Baptism of Desire and Theological Principles by Fr. Cekada
(12-31-2011, 03:10 PM)SouthpawLink Wrote:
(12-31-2011, 02:27 PM)Vetus Ordo Wrote: Loopholes in the sense that "water" in John 3:5 has to be explained away as a relative necessity. Not that such principle is in itself foreign to the interpration of Scripture, of course. Now, I'm not saying that BoD invariably leads to those distressing opinions about Jews and Muslims being saved in their religions, sometimes without even knowing it, but the fact remains that such opinions were common even before the Council and that all men who held them, also (and naturally) believed in BoD.

I always remember St. Thomas conjecturing something along the lines of God sending an angel to preach and baptise one of his elect that is lost somewhere in the jungle before missionaries could arrive at the spot. That seems to be the most correct interpretation of extraordinary circumstances: God providing all that is necessary to the elect, including baptism.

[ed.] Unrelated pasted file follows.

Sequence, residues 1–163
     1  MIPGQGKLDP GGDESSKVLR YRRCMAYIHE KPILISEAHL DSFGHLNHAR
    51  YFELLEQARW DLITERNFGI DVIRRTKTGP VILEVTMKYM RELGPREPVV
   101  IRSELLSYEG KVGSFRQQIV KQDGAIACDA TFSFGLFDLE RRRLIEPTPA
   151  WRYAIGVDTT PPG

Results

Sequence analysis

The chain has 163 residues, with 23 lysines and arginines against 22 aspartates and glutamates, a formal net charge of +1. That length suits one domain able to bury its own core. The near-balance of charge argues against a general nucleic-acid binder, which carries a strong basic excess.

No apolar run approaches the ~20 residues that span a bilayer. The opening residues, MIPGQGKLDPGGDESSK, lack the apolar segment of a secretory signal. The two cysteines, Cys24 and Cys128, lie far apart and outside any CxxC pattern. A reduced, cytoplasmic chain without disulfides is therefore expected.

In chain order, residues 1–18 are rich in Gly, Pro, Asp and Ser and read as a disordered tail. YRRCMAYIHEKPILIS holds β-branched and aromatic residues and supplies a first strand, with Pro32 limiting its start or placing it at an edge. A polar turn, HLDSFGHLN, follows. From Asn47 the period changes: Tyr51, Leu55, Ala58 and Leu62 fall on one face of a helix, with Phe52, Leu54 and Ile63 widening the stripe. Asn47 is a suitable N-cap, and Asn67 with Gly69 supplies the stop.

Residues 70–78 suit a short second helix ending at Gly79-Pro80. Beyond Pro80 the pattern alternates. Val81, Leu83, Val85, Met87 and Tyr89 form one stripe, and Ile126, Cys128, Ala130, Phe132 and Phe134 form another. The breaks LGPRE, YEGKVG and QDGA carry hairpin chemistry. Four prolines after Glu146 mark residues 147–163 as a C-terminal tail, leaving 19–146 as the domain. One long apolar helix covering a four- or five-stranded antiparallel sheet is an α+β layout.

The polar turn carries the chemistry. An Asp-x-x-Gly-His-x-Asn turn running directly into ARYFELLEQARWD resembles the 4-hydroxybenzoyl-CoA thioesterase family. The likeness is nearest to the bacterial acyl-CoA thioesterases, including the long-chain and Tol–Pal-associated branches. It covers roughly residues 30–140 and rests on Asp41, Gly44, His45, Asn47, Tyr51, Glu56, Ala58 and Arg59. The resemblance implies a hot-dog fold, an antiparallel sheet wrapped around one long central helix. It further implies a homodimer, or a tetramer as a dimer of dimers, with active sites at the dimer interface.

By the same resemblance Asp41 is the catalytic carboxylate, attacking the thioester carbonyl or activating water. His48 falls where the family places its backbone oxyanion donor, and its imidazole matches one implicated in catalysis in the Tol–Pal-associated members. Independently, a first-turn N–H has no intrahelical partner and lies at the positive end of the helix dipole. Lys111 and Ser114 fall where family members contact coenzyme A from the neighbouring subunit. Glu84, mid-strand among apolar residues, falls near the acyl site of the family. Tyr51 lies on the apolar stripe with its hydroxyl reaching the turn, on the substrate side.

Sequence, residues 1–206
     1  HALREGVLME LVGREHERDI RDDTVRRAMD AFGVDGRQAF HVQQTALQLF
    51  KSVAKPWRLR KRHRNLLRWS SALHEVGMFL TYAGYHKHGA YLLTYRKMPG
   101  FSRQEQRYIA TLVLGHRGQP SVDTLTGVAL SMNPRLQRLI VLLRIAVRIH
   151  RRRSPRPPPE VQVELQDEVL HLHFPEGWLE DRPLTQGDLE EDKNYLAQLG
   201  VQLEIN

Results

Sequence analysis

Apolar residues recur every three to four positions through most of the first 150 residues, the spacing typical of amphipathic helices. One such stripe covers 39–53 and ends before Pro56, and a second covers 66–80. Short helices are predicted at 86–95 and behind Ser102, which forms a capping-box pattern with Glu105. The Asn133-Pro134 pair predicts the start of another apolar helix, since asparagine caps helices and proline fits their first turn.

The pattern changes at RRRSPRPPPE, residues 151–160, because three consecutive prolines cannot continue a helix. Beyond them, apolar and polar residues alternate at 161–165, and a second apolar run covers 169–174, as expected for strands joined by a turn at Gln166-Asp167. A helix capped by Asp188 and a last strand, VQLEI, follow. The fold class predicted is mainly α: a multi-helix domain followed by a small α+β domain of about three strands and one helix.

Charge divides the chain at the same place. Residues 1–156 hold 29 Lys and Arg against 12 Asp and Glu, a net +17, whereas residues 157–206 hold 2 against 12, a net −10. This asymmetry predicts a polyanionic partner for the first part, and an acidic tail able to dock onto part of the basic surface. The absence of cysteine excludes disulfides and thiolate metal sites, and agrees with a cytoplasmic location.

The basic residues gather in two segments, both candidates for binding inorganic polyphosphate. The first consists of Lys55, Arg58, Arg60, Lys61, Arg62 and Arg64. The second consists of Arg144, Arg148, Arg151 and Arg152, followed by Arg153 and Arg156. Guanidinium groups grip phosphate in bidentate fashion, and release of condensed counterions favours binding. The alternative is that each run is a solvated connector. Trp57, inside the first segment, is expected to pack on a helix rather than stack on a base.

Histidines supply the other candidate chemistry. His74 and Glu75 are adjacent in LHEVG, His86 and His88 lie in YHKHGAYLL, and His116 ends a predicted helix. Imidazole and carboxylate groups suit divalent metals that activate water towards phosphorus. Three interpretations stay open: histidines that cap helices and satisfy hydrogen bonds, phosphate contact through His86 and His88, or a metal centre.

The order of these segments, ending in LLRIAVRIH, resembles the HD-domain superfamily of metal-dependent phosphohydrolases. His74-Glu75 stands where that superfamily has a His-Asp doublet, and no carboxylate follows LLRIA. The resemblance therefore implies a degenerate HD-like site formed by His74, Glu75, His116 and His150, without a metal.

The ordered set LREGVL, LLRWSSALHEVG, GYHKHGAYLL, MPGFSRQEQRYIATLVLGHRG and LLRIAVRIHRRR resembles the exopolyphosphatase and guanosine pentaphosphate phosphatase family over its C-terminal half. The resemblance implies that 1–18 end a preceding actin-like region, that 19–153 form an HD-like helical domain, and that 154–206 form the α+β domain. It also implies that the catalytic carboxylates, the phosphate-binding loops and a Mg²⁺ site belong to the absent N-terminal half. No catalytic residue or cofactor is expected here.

Yes, as it was noted earlier in the thread, receiving Holy Communion is a relative, not absolute, necessity of salvation.  And I need not point out that just because all who held a particular error (i.e. the non-necessity of divine faith) also held baptism of desire does not mean that all who hold baptism of desire believe in the aforesaid error.  I do not deny that St. Thomas' conjecture could be true and that's how apparently unbaptized men are saved.

The point being that they died baptised rather than unbaptised.

No unbaptised man can enter the kingdom of heaven, as per John 3:5. Even BoD concedes to this because BoD is nothing but the application of the sacrament of baptism by extraordinary means.

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Re: Baptism of Desire and Theological Principles by Fr. Cekada - by Vetus Ordo - 12-31-2011, 03:16 PM

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